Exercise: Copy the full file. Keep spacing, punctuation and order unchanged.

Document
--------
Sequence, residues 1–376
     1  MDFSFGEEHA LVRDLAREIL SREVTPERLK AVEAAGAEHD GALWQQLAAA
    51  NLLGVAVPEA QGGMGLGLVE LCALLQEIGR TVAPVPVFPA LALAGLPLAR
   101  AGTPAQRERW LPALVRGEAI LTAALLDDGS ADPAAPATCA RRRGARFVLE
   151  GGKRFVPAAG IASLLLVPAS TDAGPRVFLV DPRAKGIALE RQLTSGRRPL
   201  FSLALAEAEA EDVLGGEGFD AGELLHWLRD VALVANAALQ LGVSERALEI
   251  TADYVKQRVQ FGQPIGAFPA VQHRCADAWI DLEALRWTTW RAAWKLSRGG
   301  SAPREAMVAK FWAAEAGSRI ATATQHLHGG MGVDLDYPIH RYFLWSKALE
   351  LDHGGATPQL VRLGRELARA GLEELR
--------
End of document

Sequence, residues 1–376
     1  MDFSFGEEHA LVRDLAREIL SREVTPERLK AVEAAGAEHD GALWQQLAAA
    51  NLLGVAVPEA QGGMGLGLVE LCALLQEIGR TVAPVPVFPA LALAGLPLAR
   101  AGTPAQRERW LPALVRGEAI LTAALLDDGS ADPAAPATCA RRRGARFVLE
   151  GGKRFVPAAG IASLLLVPAS TDAGPRVFLV DPRAKGIALE RQLTSGRRPL
   201  FSLALAEAEA EDVLGGEGFD AGELLHWLRD VALVANAALQ LGVSERALEI
   251  TADYVKQRVQ FGQPIGAFPA VQHRCADAWI DLEALRWTTW RAAWKLSRGG
   301  SAPREAMVAK FWAAEAGSRI ATATQHLHGG MGVDLDYPIH RYFLWSKALE
   351  LDHGGATPQL VRLGRELARA GLEELR